Jussara Silveira and Luiz Brasil have been friends and partners for a long time. Now they share the stage in a concert entitled “Nobreza”,
the name of the song by Djavan with which they open the spectacle. With this simple but rich voice and guitar formation, the two artists present
a great selection of Brazilian music scene from different periods and composers, such as Caetano Veloso, Lupicínio Rodrigues, Luis Melodia, Vinícius
Cantuária, Chico Buarque and Dorival Caymmi.
The first collaborative album by Jussara Silveira matches her with Luiz Brasil’s guitar in a disc of voice-and-guitar duets released by Maianga Discos.
“We are just two mulattos / striking poses for photos / that the light of life prints of us,” say the lyrics of Caetano Veloso in his song “Os passistas”, the second track on Nobreza (Nobility). This album – the first that singer Jussara Silveira and guitarist Luiz Brasil have recorded together – was released by Maianga Discos.
In 13 tracks ranging from the Bahia of Jussara and Luiz – and Caetano Veloso, Dodô and Osmar, Moraes Moreira, Carlinhos Brown – to the sounds of Rio (from Nara Leão to Chico Buarque), São Paulo (Paulo Vanzolini, Zé Miguel Wisnik, Luiz Tatit), Rio Grande do Sul (Lupicínio Rodrigues), and Alagoas (Djavan, who wrote the title song), Nobreza captures Brazilian song and the essence of its sophisticated metabolism – the meeting of voice and guitar.
The result is a low flight over this country’s songwriting world, providing a sweeping overview. And the skies are bright and clear: “I convinced Jussara to record this album when we were on a plane. We were traveling the country for the Pixinguinha Project and put on the show in Rio, São Paulo and Salvador. On one of those flights, I suggested that we record a disc together. We did it all in two sessions. We have a tremendous natural rapport,” says Luiz, who produced Jussara’s first two discs.
While the album aims to present the duo with a complete balance of intentions and interpretations, the choice of repertory was spontaneously up to Jussara. Songs like Cara Limpa, by Paulo Vanzolini, and Quem há de dizer, by Lupicinio Rodrigues, have long been part of Jussara’s repertoire, with Luiz in the wings. Rosa Maria, by Aníbal Silva and Éden Silva, was a recent discovery.
“I often end up introducing the public to great songs that, for some reason, are still unknown. This was the case with Cara Limpa, that gorgeous samba by Vanzolini, as well as Rosa Maria, an old samba tune sung by the Salgueiro carnival group, which I discovered on a 1940s recording by Gilberto Alves. Lupicínio’s song is a gem, and although the songwriter is from the far south, he uses typically northeastern expressions. In some parts, he says ‘rapaz’ (boy) and ‘repare bem’ (look here) – that’s very Bahian,” explains Jussara.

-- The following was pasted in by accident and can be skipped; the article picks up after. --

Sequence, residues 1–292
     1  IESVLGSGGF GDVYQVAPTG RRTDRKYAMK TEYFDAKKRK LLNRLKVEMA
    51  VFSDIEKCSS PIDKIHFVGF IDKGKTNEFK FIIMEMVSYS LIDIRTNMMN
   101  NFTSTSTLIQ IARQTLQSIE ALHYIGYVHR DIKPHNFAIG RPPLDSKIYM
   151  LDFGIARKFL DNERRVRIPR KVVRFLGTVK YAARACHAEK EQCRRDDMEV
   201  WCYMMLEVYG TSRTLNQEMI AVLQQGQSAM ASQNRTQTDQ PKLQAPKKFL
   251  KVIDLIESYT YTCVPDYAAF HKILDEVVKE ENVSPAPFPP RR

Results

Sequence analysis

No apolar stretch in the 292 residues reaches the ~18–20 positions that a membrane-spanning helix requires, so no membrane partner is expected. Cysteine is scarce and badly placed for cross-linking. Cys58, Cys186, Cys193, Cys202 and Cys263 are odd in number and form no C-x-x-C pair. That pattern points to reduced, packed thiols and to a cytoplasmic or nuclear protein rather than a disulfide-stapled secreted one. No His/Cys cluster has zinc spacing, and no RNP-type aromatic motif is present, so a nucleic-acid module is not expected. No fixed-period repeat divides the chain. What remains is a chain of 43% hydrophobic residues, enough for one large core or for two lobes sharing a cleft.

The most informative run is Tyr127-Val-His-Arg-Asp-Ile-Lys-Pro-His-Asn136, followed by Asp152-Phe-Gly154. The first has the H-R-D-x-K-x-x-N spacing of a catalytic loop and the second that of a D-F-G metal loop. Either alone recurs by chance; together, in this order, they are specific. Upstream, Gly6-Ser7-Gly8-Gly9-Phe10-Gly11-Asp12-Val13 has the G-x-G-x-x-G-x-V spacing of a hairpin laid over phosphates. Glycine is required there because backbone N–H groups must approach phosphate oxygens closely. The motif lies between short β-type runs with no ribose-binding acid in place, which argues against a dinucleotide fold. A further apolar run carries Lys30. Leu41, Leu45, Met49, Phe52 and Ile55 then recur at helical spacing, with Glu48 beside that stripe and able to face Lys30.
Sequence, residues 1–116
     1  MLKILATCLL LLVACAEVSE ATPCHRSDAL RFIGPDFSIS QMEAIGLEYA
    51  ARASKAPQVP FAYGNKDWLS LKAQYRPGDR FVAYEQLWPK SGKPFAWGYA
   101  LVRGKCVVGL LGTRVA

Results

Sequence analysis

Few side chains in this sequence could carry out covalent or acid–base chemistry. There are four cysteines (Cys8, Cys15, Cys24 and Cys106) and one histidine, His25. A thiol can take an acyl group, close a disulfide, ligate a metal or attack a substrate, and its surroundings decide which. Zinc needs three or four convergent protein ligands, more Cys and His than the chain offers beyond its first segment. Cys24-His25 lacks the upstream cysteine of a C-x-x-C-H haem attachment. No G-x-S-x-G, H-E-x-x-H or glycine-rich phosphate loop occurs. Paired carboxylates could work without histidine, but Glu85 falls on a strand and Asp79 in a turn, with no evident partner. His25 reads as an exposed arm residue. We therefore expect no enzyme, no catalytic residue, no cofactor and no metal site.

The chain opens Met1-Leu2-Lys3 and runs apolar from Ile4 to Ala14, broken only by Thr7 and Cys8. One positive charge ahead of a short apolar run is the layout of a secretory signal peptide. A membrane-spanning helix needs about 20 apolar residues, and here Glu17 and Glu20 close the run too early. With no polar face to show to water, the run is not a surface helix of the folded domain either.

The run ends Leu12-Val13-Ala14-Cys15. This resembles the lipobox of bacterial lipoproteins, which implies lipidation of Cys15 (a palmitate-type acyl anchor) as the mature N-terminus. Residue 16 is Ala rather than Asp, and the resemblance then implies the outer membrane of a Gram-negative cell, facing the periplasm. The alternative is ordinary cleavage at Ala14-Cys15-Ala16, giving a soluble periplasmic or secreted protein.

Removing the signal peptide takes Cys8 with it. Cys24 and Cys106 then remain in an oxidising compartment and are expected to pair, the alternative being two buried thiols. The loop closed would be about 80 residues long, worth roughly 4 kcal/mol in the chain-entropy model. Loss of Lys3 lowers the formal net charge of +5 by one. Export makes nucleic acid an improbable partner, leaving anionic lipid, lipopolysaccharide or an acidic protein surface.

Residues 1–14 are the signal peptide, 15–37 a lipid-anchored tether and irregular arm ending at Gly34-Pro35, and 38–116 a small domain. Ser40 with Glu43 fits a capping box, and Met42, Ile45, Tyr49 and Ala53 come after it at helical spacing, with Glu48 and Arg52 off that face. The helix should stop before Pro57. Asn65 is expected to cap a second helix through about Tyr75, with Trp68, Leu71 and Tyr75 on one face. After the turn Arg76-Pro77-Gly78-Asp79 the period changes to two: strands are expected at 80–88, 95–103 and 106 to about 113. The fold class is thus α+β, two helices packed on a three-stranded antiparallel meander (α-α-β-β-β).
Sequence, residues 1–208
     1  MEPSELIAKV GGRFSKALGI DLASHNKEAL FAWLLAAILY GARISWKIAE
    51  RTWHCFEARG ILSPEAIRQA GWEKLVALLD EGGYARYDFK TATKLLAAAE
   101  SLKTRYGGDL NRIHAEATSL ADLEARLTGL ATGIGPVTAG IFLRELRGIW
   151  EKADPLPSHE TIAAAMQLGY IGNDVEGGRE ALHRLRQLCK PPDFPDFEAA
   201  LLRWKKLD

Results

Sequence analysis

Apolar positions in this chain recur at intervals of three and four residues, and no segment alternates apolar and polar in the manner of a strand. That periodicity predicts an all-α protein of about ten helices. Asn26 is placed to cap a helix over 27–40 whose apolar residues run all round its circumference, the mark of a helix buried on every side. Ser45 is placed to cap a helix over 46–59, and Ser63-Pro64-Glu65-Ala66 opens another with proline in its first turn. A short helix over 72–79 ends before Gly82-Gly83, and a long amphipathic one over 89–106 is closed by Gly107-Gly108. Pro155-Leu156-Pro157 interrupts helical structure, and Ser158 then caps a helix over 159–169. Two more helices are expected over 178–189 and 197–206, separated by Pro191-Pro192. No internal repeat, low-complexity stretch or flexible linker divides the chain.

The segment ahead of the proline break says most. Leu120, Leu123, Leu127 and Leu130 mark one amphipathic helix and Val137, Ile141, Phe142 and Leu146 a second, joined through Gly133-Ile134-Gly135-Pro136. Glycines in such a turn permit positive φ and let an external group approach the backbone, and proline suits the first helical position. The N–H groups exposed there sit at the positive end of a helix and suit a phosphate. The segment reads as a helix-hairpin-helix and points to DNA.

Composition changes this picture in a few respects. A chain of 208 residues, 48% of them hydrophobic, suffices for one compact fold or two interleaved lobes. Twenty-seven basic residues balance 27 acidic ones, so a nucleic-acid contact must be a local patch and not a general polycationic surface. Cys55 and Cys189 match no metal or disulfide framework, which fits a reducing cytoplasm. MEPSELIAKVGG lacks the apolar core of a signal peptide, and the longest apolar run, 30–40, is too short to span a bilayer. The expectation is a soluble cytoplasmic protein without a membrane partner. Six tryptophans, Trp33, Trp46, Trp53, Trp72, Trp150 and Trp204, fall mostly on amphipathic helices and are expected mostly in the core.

Ludo Real, by Chico Buarque and Vinicius Cantuária, and Eu vou te esquecer, by Bahian songwriters Beto Pellegrino and Ariston, are from Jussara’s first album and reinterpreted here with very different intentions: “I had already recorded Ludo Real with Jussara. And Eu vou te esquecer is the only song I play on a 12-string guitar, which gives it a much more northeastern sound. It is one of the most popular songs in Jussara’s concert repertoire,” says the guitarist.
The disc also contains collaborations from Moscow, through the cosmopolitan world of São Paulo. This is the case with O sol enganador, a Russian theme adapted by a Russian-Brazilian friend based in São Paulo, Vadim Nikitim. “I fell in love with this song when I saw a Russian film by the same name and asked Vadim to write a Brazilian version of it,” says Jussara. Nikitim also wrote the lyrics of Efeito samba, in partnership with Zé Miguel Wisnik, which Jussara had recorded on Wisnik’s CD São Paulo-Rio. Another song by the São Paulo songwriter and theorist is Baião de quatro toques, with lyrics by Luiz Tatit, in which Luiz Brasil performs the entire melody of the song (inspired by Beethoven’s Fifth), before Jussara’s voice comes in.
Another interesting feature of this disc is Luiz’s vocals, melding his velvet baritone with Jussara’s crystalline soprano, as in the case of Argila, de Carlinhos Brown. In Pombo Correio, by Dodô and Osmar with lyrics by Moraes Moreira, Luiz performs an astonishing vocal solo based on Moraes’s original recording: “In these two songs, Luiz wanted to transport the band’s original arrangements to the guitar.”
Dreamed up in November, recorded the following month and released in early 2006, Nobreza will last much longer than one summer in the history of great Brazilian albums. Curiously enough, the first track was recorded before the idea for the disc was conceived. It is Um sonho de verão (Summer Dream), Nara Leão’s version of the American standard Moonlight Serenade by Parish and Glenn Miller, recorded for the sound track of Globo TV’s telenovela Alma Gêmea (Soul Mate): “It’s the starting point of the disc, the first recording we did as a clear partnership. The network liked the recording just the way we sent it – voice and guitar. And we included the original phonogram in our CD,” says Luiz.
Jussara found the title track, Nobreza, on Djavan’s Luz album. Inevitably, it gave its name to her duets with Luiz Brasil: “I wanted to dedicate this song to Luiz because of the generosity he expresses when he plays. I wanted to produce a disc in a format that is extremely bare, almost naked. At the same time, we know we have each other’s back. We complete each other musically.”